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Creativee ideas through brainstorming

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  • Training Nuggets: This is one of the PowerPoint information presentations in a series of “training nuggets” designed for US Navy Community Support Program (F&FR) employees, supervisors and managers. This one is intended for new supervisors and managers and anyone involved in “brainstorming” sessions. This presentation outlines the basics of conducting a brainstorming session. The quality of “team-generated ideas” is dependent on numerous factors, including: • How well the brainstorming meeting is facilitated • The energy and focus of the participants, and • The environment in which the meeting is conducted Designer/Developer: Ron Scott
  • Let participant/s read this information. Ask if they have questions. This presentation covers: • A working definition for brainstorming • Value -- Why “brainstorm”? • The main things to accomplish when facilitating brainstorming • A procedure for conducting brainstorming from planning to wrap-up • Sources of additional information
  • Let participant/s read this information. Ask if they have questions. Other team / group processes should be used to make decisions, such as: • Consensus methods • Voting / multi-voting • Nominal and modified Group Techniques (NGT) • Prioritizing choices and decisions These are explained in the MWR Managers’ desk reference, Task 1.7, Manage Meetings, Briefings, and Presentations .
  • Let participant/s read this information. Ask if they have questions. Brainstorming can be used to focus on and generate ideas that include: • New products • New/different program activities, events, products or services • Ways to solve existing real or perceived problems or performance inhibitors • Causes of problems and/or solutions to problems • Improvement processes • Goals and Objectives
  • Let participant/s read this information. Ask if they have questions. A brainstorming session must have a central focus, goal or objective. Otherwise, participant input will ramble and is unlikely to produce sufficient input related to the goal or focus of the session. The idea is to capture as much input regarding the focus as possible. No matter how unrealistic a participant’s input, participants and the facilitator should NOT comment, evaluate, criticize, or otherwise devalue or discount. (Evaluation, prioritization, selection, planning, and implementation come later – after the brainstorming is finished.) The only discussion that should take place is from the facilitator to ensure a participant’s input is correctly and completely recorded. Participants should not elaborate on, or “justify” their input. Explanation, justification, elaboration takes place after ideas are generated and the brainstorming is finished. Brainstorming teams of 8-10 participants are typical and seem to work better than smaller or larger groups.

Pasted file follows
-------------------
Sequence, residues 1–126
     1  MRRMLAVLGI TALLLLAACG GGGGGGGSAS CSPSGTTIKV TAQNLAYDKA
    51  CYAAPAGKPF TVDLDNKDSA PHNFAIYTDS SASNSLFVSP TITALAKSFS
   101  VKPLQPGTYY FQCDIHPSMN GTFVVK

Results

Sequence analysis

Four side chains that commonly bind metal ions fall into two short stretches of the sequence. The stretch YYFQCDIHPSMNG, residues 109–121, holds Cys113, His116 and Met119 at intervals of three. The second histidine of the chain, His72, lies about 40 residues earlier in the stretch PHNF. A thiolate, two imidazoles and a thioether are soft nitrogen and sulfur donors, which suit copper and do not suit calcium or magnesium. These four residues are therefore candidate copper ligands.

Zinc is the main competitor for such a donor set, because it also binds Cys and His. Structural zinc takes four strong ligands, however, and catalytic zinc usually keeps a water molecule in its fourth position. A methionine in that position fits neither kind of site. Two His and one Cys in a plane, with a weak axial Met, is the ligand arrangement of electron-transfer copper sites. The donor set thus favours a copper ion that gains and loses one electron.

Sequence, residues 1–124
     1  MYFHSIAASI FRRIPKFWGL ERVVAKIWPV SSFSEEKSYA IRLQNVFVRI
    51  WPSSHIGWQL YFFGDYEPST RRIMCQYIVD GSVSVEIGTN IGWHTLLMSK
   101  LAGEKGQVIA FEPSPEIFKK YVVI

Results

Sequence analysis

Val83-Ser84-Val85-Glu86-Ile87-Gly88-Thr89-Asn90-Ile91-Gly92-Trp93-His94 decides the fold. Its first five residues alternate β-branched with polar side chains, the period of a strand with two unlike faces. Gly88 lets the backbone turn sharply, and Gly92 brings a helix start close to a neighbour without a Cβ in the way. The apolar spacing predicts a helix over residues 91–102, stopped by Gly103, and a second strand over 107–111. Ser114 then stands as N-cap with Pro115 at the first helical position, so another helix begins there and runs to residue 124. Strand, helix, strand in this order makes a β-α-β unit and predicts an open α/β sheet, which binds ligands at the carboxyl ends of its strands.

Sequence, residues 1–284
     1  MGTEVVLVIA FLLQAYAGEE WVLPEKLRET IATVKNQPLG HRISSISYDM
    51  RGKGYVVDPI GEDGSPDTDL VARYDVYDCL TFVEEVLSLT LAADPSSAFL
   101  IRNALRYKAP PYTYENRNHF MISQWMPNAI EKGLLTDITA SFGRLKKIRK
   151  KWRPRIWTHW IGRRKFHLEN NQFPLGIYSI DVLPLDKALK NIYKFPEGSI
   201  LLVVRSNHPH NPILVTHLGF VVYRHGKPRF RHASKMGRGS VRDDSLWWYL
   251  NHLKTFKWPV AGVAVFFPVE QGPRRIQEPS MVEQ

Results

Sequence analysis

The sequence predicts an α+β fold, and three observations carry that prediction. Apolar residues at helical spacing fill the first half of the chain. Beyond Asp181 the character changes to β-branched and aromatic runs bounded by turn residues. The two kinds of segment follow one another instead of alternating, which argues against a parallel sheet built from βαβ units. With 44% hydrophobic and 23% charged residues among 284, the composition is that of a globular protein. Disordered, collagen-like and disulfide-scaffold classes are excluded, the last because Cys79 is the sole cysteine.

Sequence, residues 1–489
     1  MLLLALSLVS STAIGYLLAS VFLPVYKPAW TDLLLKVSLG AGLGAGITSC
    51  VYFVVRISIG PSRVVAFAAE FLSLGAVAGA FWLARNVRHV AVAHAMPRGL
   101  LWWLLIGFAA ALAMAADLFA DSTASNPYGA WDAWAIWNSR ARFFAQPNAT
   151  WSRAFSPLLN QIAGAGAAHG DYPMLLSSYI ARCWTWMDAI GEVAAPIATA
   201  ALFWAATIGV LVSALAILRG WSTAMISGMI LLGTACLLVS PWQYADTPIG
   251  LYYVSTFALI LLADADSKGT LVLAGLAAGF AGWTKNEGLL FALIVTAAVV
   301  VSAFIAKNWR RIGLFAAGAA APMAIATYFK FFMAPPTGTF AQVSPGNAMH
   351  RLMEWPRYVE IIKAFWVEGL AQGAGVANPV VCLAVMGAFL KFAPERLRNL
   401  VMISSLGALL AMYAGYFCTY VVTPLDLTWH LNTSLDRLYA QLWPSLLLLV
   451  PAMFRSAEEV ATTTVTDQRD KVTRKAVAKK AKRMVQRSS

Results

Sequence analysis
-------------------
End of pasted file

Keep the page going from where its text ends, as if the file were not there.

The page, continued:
• Let participant/s read this information. Ask if they have questions. Decide why you need to conduct a brainstorming session. What needs to be accomplished? What is the main goal or focus? Attendees may include: • Recreation committee members • Program participants • Command personnel • Ombudsman • Club/organization members • Staff and co-workers Participants should represent typical groups from the ship or command. (e.g., age groups, interest groups, etc.) Diverse representation may generate a wider spectrum of input. Age, gender, race, ethnic and cultural diversity in a brainstorming group is valuable. Use chain of command protocol when asking people to attend. When and where are you going to conduct the meeting? Determine best date and times. Select a location where interruptions are kept to a minimum. (e.g., ward room, meeting/conference area, classroom, office, F&FR facility, etc.) What supplies will you need? What amenities will you provide?
  • Let participant/s read this information. Ask if they have questions. Follow-up initial notification with a reminder close to the date of the session.
  • Let participant/s read this information. Ask if they have questions. Refreshments are a good incentive to attend and can help relax participants, establish team rapport and cohesiveness, and set the stage for a relaxed, fun session. Conducting brainstorming session at an “other-than-the-office” site (if possible) may enhance results. (e.g., at beach, restaurant, by the pool, on the lawn, on a recreational boat, at the park, etc.) Matching the meeting environment to the session focus often yields more enthusiastic, concentrated, and effective participation. Enliven an otherwise plain or “usual” meeting site with balloons, music, travel posters, pizza, or other props related to the “focus” of the brainstorming session. If background materials are necessary, give to participants as a “read-ahead” or schedule time before the brainstorming session so participants can review.
  • Let participant/s read this information. Ask if they have questions. Check in advance of the session to ensure the meeting area is clean, orderly, comfortable, equipped, stocked, and “ready”. Seating around a table works well. Ensure all participants will be able to see the easel and chart paper. Ensure participants will be comfortable. Be aware of possible outside distractions that may occur. Post ground rules where all participants can read. (Typical ground rules are provided in the notes section of the next slide.)